Triduum Lament

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By Jon Rundquist

While he was still speaking, Judas, one of the twelve, arrived; with him was a large crowd with swords and clubs, from the chief priests and the elders of the people. Now the betrayer had given them a sign, saying, “The one I will kiss is the man; arrest him.” At once he came up to Jesus and said, “Greetings, Rabbi!” and kissed him. Matthew 26:47-49 NRSV

I think I’m like most people these days, in that I really don’t know how to wrap my head around the words “global pandemic”. I cannot fathom either a world without the COVID-19 virus (it feels like it’s been so long) or a world with it. I just don’t really know what to do with it, except panic, and know that somehow, somewhere, God’s got this. 

When I feel out of control, and I need to get my thoughts out somehow, I like to write poetry. Usually, I write within my own confines of the rules of rhythm and metre. I count the syllables, make sure the words rhyme, and feel a slight peak of joy at knowing that I was able to squeeze a certain word into those rules. I hope the whole thing still makes sense. It gives me a sense of control in a world without it. 

However, this lament that I wrote one dark early morning last week, doesn’t follow those usual conventions. But neither does this virus. The following is my early Holy Week/Triduum lament. It just seems that this is what fits these times. 

Triduum Lament

The Last Supper

The feet were washed

The food was served

The people were gathered

The bread was broken

The wine was poured

We were just talking

About the need for unity

We didn’t mean to betray that

We didn’t mean to betray Jesus

We didn’t mean for this to happen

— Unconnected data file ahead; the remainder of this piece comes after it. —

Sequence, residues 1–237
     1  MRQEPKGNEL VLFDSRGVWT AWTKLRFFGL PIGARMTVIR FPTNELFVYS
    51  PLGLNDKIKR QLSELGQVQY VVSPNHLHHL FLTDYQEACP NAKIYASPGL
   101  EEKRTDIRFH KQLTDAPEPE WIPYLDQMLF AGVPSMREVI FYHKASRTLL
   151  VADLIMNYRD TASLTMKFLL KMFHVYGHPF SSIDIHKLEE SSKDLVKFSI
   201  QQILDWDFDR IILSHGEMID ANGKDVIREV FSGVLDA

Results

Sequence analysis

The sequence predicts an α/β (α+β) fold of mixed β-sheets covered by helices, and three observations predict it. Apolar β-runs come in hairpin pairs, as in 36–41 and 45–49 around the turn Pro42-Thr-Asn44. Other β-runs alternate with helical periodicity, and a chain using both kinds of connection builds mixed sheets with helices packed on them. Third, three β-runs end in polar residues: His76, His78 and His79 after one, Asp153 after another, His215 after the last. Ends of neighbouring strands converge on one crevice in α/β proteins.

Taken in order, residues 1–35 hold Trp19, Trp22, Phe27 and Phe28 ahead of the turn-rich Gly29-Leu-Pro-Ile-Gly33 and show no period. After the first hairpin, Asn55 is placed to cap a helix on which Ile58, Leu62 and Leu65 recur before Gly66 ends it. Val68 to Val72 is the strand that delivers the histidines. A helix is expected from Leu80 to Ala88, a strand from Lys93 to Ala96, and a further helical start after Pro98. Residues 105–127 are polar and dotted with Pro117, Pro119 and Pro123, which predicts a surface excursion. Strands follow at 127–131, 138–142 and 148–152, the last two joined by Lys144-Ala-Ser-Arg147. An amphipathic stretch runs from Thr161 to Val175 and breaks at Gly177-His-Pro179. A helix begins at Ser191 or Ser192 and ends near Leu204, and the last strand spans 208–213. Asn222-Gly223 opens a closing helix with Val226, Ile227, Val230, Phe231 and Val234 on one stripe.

We didn’t need this to happen


Most suppers aren’t the last one, but this one could be. 

Most coughs aren’t life-threatening, 

but this one could be. 

It was just a kiss, Jesus

I don’t want to die, Jesus

I don’t want to kill, Jesus

I don’t want 

to kill 



Pilate Washes His Hands

What uncertain times we live in. 

What an uncertain time you lived in. 

People watching everything

People worrying about everything

What if this isn’t the Messiah we wanted

What if this isn’t the change we needed

What about all the other diseases to worry about

What about all the saviors we’d prayed about

There’s too many people dying, Jesus

There’s too many people killing, Jesus

There’s too many people dying

There’s too many people 

Killing Jesus


We’re not supposed to be on that cross

That’s you. That’s all you. 

Money is supposed to be on that cross

All our shame. All our sin. 

But someone got it backward. 

Pilate washes his hands daily

While Caiaphas pleads for us to stay home

Where’s God to set it right

Where’s our Messiah, if not on the cross

Where are you



In Between

What happened to the food

What happened to the friends

Where’s the parties

Where’s the friendship

We’re caught in the middle

And yet

Still alone

Still very much alone

In between life and death

Certainty and uncertainty

Isolation and safety

Community apart

Togetherness within


We anxiously await the end of this Jesus

We need this to end Jesus

When will it end

When will life begin


Loving and Gracious God, we long for a respite from this global pandemic. We see the hope found in other countries returning to a semblance of life as usual. We see our own neighborhoods reeling in fear and anxiety. We remember your journey to the cross, and the pain and suffering of your death. Be with us as we long for what comes next. Guide us through this pain, hold the hands for those lamenting loss. We hold onto your hope, Loving God. Be with us now, and in your kin-dom. In your Loving and Gracious name, we pray, Amen




Jon Rundquist (he/her/theirs) is a lover of Holy Week, a parent and a spouse, and 2017 MDiv. graduate of Luther Seminary. She’s worked at Target on and off since the end of internship, awaiting her own “what comes next”. 
For a little longer, he lives an “essential” worker life, while enjoying the added time home with his children and wife. They’ve loved being able to see their friends preach during the pandemic, and will celebrate the Triduum virtually. 







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